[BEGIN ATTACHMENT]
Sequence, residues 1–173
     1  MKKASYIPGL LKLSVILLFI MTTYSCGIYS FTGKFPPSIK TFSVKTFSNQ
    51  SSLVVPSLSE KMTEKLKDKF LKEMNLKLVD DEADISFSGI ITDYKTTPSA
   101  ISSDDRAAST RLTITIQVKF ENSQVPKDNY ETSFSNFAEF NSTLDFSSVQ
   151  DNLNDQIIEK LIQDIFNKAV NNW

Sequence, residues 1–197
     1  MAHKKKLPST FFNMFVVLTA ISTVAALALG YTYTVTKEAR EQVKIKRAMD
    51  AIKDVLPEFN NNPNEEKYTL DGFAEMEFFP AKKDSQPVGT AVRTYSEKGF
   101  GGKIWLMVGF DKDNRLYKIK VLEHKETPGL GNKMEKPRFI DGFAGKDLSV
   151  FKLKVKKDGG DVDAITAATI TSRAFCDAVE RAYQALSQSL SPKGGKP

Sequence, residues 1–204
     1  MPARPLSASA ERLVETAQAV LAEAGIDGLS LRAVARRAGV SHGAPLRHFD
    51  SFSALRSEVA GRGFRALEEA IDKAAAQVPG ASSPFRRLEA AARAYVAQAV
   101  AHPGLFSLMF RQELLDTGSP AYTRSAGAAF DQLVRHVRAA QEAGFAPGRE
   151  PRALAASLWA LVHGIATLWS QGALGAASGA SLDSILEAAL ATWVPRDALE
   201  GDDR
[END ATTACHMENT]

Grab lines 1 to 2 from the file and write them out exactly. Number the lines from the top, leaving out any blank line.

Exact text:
Sequence, residues 1–173
     1  MKKASYIPGL LKLSVILLFI MTTYSCGIYS FTGKFPPSIK TFSVKTFSNQ